I wholeheartedly agree with #2!! I never realized how much of an impact dirty carpets could have on the work place. My company recently switched to professionals who specialize in commercial dry carpet cleaning and it has made such an impact on the environment we work in. Definitely something to look into! They have some awesome information on their site. https://www.chemdrysantaclaritavalley.com/commercial-carpet-cleaning/
Mozilla's email client extraordinaire has jumped to version 45, but it still has all the features that made it great: account setup wizards, multiple languages, hundreds of add-ons, a tabbed interface, great search, junk mail and phishing tools, and the option for a personalized email address with your own choice of a domain name. Migration from previous versions is a breeze and worth it if you're on the desktop.
While this seems scary at a first glance, the keyword here is less – Facebook isn’t going to get rid of the revenue they make from advertisers, they are simply going to limit the quantity and demand more quality from their business pages. Therefore, more than before, it’s crucial for advertisers to create meaningful content and build up engagement with their page on Facebook.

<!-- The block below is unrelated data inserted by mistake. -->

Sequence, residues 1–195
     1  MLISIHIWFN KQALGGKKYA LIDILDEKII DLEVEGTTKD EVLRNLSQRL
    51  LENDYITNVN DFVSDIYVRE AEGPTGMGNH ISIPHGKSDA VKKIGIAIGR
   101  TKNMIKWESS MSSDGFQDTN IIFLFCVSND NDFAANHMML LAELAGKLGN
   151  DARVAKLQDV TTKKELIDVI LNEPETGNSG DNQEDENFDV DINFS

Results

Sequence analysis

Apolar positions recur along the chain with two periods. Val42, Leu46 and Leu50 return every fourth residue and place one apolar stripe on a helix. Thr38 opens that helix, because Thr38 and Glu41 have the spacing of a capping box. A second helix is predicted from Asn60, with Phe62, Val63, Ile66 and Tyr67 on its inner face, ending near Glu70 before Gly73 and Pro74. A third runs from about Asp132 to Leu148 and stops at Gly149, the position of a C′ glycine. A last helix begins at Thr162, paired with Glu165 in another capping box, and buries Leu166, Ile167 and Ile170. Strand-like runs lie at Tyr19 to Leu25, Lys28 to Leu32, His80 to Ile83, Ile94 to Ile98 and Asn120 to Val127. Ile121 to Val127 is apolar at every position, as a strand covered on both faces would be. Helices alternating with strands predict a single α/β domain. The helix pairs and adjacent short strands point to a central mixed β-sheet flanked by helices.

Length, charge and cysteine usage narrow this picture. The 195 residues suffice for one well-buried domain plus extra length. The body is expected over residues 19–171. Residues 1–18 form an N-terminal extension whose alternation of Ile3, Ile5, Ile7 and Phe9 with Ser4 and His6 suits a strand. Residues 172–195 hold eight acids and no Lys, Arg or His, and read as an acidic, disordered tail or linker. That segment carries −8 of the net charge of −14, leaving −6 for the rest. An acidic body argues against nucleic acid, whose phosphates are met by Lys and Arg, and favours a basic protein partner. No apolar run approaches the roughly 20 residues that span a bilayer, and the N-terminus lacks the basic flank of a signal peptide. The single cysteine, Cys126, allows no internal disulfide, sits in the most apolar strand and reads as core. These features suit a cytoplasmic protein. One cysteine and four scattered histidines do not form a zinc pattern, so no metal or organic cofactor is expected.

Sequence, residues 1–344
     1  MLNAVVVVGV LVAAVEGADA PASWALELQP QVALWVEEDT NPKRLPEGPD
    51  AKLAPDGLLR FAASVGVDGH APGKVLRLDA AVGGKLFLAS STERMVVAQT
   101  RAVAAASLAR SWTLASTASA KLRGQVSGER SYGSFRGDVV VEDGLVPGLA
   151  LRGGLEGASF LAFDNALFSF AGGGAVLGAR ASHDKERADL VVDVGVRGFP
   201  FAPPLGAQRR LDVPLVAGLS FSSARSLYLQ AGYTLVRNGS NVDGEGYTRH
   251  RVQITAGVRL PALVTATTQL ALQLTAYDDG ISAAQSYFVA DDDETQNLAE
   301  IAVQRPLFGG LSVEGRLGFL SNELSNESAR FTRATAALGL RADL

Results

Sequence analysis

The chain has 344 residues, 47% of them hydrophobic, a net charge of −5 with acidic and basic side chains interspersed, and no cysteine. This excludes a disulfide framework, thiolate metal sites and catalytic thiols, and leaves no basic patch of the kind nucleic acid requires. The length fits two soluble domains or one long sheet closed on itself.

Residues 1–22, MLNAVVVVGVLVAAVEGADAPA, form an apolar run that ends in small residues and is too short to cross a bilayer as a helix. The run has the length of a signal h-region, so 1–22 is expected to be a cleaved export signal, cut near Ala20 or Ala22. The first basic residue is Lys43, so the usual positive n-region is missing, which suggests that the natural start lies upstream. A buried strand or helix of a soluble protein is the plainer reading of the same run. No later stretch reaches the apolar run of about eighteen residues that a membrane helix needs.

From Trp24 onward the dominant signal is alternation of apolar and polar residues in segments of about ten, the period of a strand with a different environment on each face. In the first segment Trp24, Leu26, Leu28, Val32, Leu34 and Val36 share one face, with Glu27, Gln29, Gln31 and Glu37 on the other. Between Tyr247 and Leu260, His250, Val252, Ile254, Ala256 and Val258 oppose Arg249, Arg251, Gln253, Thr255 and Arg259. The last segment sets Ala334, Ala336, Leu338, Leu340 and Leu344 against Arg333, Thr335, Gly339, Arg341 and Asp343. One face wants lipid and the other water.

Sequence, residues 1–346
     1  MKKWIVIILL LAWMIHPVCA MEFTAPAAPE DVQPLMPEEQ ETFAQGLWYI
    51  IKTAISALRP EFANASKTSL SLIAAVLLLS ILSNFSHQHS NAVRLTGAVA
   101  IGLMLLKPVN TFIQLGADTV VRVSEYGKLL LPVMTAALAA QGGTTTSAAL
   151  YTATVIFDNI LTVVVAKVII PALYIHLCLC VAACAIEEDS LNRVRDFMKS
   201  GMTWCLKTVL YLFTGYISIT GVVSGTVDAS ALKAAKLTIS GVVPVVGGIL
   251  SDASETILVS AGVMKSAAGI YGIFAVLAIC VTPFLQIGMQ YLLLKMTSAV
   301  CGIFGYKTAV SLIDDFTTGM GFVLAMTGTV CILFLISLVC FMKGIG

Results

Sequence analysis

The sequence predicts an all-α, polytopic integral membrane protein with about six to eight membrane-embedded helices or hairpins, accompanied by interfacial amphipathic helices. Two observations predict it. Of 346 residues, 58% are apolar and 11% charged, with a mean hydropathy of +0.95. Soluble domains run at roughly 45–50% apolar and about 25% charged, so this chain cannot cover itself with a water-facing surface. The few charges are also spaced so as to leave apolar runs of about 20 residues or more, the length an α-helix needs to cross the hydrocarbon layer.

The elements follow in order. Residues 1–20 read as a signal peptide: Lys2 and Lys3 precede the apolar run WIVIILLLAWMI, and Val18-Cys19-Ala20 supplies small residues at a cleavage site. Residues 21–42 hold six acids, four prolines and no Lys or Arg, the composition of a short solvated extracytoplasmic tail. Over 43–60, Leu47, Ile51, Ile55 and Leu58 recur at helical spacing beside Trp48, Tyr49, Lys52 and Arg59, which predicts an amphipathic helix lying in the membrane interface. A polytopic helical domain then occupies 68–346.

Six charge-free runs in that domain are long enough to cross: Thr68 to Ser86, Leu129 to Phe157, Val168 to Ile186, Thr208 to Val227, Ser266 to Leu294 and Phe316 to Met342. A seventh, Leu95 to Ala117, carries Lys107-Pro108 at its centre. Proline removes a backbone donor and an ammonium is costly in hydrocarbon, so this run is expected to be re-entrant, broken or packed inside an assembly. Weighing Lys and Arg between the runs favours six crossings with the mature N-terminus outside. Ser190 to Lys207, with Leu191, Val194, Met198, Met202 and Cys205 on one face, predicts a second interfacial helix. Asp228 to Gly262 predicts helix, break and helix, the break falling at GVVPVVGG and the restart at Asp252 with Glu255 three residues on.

It's not super popular in the US and not even our favorite messaging app, but you can't ignore the 800-pound messaging gorilla that is WhatsApp—since it was purchased by Facebook for almost $20 billion and it has over a billion users worldwide. It offers end-to-end encryption, has animated GIF support, group chat for up to 256 people, document sharing, voice and video calls, one-tap voice messages, and a Web-based interface you access by scanning a QR code with the app on your mobile device. It recently added macOS and Windows desktop versions.